Think the boat in this photo has too many horses under the hood? Of course it does, but it proves the point that you can tell just by looking at someone’s boat how much they care about speed, and how far they’re willing to push the limits of horsepower. Truth be told, juicing outboards above the recommended ratings has been happening in the tourney circuits for decades. Not many admit it, and I’ve never participated. Furthermore, I don’t really know anyone firsthand that has done it, but lets just say I’ve heard stories of 200hp cowlings getting sneakily slipped over 250hp engines. And I’ve heard much worse. There are lots of liability issues with tricks like that, so don’t do it. But what you should do is have a basic understand of how and why engines are rated, and how to use that info when boat shopping.
In a nutshell, manufacturers and the Coast Guard use a few different math formulas to set a max HP rating. For example, one formula is length X width X 2 = max HP (rounded up to the nearest 5). So a 20ft boat with a 90-inch width could take a 300hp, give or take for other variables. The thing with bass boats is, lots of other factors make or break the performance because of their need to be such versatile vessels. It’s such a science that it would take an entire book to get into all the details, but to put it in familiar car terms, some boats that are built for speed while others are built for comfort, and still others are built just for pure function. It’s up to you to decide what attributes you’re after. But I can tell you a few ways to quickly make a better decision about motor size.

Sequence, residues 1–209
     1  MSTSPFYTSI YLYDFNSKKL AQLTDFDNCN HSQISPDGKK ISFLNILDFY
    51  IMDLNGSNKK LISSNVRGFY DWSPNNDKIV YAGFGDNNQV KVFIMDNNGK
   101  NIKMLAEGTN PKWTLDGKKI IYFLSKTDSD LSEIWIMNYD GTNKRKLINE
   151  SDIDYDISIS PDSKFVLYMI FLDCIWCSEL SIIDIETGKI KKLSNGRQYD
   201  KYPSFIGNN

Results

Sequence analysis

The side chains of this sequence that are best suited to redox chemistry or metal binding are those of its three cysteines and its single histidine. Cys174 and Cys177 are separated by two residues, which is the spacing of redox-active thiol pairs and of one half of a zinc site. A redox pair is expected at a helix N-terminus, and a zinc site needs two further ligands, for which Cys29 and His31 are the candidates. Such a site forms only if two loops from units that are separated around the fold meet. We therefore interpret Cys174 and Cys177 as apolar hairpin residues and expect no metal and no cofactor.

For starters, insist on taking a test ride. It’s best if you do so with a few different HP engines within the recommended range for the same boat. I know, that’s hard when you’re cornered by a salesman at a winter boat show, but your motivation should be to know that it downright sucks to be stuck with an under-performing rig. I’ll be the first to let you know you don’t need to push it to the max HP rating to get great performance, but you do need to put the “fat” and “skinny” version of your boat to the test. The fat version includes batteries, full gas, full tackle compartments, full livewells and 2 passengers. If that fat version is huff’n and puff’n, then it’s not the setup for you. Various props and jackplates could slightly tweak the performance, but they’re just minor tweaks. The guts of your good decision should be a byproduct of the elbow grease it took to load the boat down before the test. It’s used boat salesman tactic #1 to impress the potential buyer with the top speed of an unloaded boat, so don’t fall for it. Most never feel the choked-out slow version until it’s too late.
The second thing to critically analyze is the hole shot, but don’t just test this on calm days. Get out there and dig around in some swells with a full load, even loop around and climb your own wake if necessary. That’s the true feel of the torque you’ll need to do what you want to do. Psychologically, I feel that choosing an optimally powered vessel/motor can make all the difference in your temperament on the water. Conversely, an erratically handling overpowered rocket can put you just as on-edge, so do the test drive right, choose wisely and keep the legal cowling.